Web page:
Picking up where the Jurassic period left off, the Cretaceous is best known as the last hoorah for the dinosaurs. As far as insects are concerned, it gave us ants, termites, aphids and the explosion of pollinators that coincided with the development of flowering plants. But, ironically, the prehistoric-looking millipedes of the order Callipodida, are thought to have come later. Until now.

Scientist now have to rearrange what they know – or thought they knew – about the evolution of millipedes due to a tiny, 8.2-mm member of the order Callipodida who got its many feet stuck in some tree resin, which turned up in Myanmar 99 million years later as a golden lump of amber.

This places this tiny critter well into the Cretaceous period, making it the oldest millipede of its order yet discovered. In fact, it's morphology – which included compound eyes composed of five ommatidia while most Callipodidan eyes have at least 30 – was so unique it warranted its own suborder as it didn't quite fit within the current classifications for the species.

Prof. Pavel Stoev of the National Museum of Natural History (Bulgaria) and Dr. Thomas Wesener and Leif Moritz of the Zoological Research Museum Alexander Koenig (Germany) chose the name Burmanopetalum inexpectatum, where "inexpectatum" translates as "unexpected" from Latin.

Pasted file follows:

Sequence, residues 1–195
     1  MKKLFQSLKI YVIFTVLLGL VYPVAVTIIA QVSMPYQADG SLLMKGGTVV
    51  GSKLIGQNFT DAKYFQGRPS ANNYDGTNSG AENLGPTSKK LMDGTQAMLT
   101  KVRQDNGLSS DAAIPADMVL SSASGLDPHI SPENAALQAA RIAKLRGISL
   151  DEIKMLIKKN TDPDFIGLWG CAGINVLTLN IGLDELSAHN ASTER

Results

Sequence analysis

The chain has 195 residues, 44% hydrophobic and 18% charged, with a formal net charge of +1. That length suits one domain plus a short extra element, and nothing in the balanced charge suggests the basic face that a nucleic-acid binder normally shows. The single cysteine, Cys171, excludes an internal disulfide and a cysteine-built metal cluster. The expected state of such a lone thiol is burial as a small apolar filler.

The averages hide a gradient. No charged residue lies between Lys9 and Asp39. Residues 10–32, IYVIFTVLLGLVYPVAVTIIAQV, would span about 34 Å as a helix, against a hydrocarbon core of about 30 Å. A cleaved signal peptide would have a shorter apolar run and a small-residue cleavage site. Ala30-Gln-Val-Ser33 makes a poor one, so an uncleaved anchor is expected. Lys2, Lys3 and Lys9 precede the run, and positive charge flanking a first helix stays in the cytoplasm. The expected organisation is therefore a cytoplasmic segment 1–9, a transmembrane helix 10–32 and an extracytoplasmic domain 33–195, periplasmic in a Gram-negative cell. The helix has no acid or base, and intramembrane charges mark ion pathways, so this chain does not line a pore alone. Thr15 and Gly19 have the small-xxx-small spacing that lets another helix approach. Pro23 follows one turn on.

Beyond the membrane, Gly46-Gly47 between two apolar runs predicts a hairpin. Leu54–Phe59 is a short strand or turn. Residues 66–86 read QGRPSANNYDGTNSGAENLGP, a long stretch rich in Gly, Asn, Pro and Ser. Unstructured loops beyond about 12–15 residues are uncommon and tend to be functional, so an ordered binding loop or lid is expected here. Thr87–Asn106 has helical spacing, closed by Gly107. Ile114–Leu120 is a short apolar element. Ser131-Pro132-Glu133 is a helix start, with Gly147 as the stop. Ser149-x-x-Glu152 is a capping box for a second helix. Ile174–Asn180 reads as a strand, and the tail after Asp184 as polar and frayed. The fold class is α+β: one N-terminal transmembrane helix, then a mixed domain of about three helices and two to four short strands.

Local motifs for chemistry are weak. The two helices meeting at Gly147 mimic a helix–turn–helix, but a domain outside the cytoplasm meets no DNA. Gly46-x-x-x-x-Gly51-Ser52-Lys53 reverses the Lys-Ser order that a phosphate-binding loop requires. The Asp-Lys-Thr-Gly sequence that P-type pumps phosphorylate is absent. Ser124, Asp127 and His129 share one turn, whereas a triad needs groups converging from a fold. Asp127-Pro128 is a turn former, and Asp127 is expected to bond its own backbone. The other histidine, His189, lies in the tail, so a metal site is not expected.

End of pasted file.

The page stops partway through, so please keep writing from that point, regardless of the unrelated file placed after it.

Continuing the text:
"It came as a great surprise to us that this animal cannot be placed in the current millipede classification," says Professor Stoev.

"The entire Mesozoic Era – a span of 185 million years – has until now only been sampled for a dozen species of millipedes, but new findings from Burmese amber are rapidly changing the picture," says Dr. Greg Edgecombe, a leader in the study of fossil arthropods from the Natural History Museum who wasn't involved in the research. "In the past few years, nearly all of the 16 living orders of millipedes have been identified in this 99-million-year-old amber. The beautiful anatomical data presented by Stoev et al. show that Callipodida now join the club."

3D X-ray microscopy was used to get a better look at the find, including its internal structure. This was made possible due to its amber tomb that helped it retain fine details not usually preserved in fossils. This particular piece of amber that trapped Burmanopetalum inexpectatum is part of a private collection – the largest of its kind in Europe – belonging to Patrick Müller, which comprises 400 amber stones, all of which have been made available to the scientists.

Millipedes belong to the class Diplopoda, Latin for "double foot." The name refers to the two pairs of legs on on each body segments, in contrast to centipedes (class Chilopoda) which have just one pair per segment.

The study describing Burmanopetalum inexpectatum is published in the open access journal ZooKeys, and a render of the millipede captured using 3D X-ray microscopy can be seen in the video below.

Source: Pensoft (CC-BY 4.0)

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